HED: Ole Miss officer’s death points finger at culture of alcohol’

READ-IN: Robert Langley died while trying to arrest a University of Mississippi student who had alcohol, marijuana and cocaine in his system.

By Errol Castens

and Leesha Faulkner

Daily Journal

OXFORD – The “culture of alcohol” took a beating in this university town after the Oct. 21 death of a campus police officer.

Robert Langley had survived the battlefields of the Middle East to return home and die when the pickup driven by Ole Miss freshman Daniel Reed Cummings took off at a traffic stop with Langley hanging on. A videotape of the incident shows the truck swerving and Langley falling to the pavement and ultimately to his death from head injuries.

Even before toxicology reports showed Cummings had alcohol, marijuana and cocaine in his system, both public and private speculations ran rampant that a permissive attitude toward alcohol – and possibly illegal drugs – had contributed to the tragedy.

Ole Miss Chancellor Robert Khayat acknowledged the university was “hypocritical” in winking at widespread alcohol consumption by both students and visitors, especially in the context of football games, despite state law that prohibits such consumption on public campuses.

In the wake of Langley’s death and Cummings’ arrest, Khayat appointed a task force led by Tupelo physician Ed Hill, a national expert on youth alcohol abuse, to recommend ways to combat high-risk and illegal use of alcohol and drugs among Ole Miss students. The task force has focused much attention on what is working at other universities and will report its recommendations in January.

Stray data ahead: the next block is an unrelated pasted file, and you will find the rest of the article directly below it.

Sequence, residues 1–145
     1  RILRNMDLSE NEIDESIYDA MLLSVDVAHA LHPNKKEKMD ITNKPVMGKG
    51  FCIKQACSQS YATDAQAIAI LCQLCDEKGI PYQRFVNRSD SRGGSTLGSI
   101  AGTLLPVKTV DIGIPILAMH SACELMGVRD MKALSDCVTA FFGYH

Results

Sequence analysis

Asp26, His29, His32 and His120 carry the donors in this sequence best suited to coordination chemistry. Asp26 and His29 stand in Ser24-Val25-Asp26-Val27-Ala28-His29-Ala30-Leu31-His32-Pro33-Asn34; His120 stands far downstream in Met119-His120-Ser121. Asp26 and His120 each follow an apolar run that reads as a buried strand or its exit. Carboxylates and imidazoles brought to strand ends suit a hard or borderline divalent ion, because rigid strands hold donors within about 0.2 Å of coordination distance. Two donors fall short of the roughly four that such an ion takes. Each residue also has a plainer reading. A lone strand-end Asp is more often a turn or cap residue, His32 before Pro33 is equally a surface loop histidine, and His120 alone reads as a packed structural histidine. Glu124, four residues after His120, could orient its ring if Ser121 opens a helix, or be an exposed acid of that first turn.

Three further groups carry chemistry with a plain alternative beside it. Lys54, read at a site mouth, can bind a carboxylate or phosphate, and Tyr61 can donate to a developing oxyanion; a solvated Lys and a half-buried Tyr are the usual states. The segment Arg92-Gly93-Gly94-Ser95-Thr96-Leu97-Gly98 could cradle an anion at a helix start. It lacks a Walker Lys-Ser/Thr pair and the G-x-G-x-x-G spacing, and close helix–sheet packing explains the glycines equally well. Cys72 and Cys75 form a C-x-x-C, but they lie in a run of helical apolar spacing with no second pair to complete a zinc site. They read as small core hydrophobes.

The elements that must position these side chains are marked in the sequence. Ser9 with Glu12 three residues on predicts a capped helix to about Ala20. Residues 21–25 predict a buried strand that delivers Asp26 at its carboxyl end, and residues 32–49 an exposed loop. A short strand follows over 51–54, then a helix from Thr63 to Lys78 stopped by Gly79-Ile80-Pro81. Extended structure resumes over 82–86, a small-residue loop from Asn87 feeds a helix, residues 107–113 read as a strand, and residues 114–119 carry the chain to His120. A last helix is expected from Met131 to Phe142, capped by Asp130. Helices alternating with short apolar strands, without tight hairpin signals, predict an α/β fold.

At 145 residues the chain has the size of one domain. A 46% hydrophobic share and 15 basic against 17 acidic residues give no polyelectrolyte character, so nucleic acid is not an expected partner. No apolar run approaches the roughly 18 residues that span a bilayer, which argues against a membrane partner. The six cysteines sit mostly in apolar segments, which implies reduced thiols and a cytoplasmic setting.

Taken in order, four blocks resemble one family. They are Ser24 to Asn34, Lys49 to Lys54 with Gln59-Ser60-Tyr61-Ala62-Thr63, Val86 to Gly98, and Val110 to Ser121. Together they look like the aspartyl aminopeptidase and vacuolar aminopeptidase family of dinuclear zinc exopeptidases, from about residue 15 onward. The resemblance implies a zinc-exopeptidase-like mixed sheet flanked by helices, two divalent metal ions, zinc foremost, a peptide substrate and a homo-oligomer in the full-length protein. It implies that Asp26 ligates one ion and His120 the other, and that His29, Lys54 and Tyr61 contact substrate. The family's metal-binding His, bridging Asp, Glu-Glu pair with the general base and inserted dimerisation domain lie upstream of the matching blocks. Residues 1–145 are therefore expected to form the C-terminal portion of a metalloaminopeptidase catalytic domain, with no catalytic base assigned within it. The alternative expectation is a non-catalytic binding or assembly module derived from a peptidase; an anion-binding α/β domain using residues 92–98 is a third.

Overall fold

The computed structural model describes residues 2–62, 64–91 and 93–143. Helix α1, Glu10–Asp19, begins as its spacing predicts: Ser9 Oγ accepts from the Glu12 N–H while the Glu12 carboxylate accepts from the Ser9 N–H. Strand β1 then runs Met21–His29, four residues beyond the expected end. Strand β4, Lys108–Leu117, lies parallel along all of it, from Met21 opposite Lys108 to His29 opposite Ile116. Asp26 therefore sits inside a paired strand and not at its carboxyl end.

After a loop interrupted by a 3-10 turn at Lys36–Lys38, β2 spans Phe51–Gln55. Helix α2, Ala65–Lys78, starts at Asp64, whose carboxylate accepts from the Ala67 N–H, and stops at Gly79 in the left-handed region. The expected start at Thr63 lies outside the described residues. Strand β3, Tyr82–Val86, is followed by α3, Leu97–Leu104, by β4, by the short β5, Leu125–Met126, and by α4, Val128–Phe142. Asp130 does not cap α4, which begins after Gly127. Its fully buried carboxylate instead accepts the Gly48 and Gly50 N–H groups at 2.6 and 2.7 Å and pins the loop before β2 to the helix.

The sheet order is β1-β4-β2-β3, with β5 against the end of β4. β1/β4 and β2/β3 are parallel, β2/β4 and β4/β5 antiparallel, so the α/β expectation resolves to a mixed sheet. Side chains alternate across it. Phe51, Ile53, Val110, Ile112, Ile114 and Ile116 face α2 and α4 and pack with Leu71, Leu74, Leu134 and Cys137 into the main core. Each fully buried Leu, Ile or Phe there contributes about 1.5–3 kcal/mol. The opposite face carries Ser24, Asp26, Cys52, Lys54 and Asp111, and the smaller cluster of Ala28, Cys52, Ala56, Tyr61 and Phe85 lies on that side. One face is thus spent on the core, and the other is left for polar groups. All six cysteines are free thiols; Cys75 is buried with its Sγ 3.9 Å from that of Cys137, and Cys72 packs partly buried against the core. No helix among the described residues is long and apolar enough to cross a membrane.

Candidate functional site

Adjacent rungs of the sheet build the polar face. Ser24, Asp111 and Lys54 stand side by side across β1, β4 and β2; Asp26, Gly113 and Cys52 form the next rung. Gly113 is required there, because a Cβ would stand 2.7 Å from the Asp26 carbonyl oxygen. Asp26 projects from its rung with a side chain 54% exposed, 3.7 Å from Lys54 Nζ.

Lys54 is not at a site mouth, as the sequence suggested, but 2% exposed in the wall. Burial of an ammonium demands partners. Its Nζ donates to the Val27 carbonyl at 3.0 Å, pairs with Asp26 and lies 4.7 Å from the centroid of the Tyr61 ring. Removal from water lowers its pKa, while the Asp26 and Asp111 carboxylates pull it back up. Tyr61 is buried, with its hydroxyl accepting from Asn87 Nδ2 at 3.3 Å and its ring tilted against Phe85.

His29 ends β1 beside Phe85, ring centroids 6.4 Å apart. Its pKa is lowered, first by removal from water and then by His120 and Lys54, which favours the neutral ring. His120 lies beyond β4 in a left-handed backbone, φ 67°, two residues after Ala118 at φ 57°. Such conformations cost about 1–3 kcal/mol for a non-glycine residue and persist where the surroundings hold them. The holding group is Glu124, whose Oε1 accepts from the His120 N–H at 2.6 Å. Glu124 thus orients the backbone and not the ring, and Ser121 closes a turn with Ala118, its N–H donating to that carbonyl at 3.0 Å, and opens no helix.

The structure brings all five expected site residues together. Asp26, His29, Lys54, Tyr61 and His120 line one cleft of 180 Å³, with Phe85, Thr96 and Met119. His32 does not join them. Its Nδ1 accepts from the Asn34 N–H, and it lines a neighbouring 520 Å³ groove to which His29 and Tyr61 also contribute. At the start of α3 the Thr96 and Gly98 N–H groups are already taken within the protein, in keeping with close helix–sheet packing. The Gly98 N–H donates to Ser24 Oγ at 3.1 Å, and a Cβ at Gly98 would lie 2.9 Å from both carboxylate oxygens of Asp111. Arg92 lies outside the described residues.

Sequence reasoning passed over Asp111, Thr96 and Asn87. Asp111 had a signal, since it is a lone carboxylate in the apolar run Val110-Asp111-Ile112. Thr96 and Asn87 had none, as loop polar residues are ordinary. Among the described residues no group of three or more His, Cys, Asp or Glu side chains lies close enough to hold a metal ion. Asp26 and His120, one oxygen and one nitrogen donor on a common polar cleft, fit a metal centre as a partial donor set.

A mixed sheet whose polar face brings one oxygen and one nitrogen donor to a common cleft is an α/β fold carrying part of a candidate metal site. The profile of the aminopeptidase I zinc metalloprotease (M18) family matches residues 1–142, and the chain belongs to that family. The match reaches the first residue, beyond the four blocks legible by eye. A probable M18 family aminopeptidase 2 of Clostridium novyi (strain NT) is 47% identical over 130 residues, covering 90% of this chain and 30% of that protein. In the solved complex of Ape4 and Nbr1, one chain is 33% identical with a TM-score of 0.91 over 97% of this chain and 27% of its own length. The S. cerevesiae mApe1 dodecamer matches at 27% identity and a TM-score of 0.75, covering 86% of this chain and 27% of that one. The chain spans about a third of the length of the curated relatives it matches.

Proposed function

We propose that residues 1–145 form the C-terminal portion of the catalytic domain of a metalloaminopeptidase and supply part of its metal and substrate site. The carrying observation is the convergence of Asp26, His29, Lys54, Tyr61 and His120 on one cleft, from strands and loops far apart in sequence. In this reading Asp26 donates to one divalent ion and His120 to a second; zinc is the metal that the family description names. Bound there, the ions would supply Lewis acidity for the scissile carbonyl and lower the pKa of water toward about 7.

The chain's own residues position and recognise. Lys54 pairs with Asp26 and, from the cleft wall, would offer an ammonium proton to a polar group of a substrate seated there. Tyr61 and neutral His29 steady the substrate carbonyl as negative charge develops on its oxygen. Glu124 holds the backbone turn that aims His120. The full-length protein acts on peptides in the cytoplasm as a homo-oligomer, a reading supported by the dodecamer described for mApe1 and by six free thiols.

A similar task force at Mississippi State University finished its work in November, recommending more education, tougher enforcement and changing expectations about students’ behavior.

And the fate of 20-year-old Cummings likely will be placed in the hands of 12 jurors later in 2007. Cummings remains in jail, charged with capital murder.

While acknowledging that substance abuse is a problem on nearly all college campuses, many Oxford-area residents are eager to help change what Alderman Pat Patterson and others have termed “a culture of alcohol.”

First Baptist Church issued a call to prayer and other action on its Web site.

“With numerous alcohol-related deaths and injuries, flagrant drunken debauchery both on campus and off, and a general sense of desensitization toward conditions of moral indecency, many members of our community have been asking ‘When will enough be enough?'”

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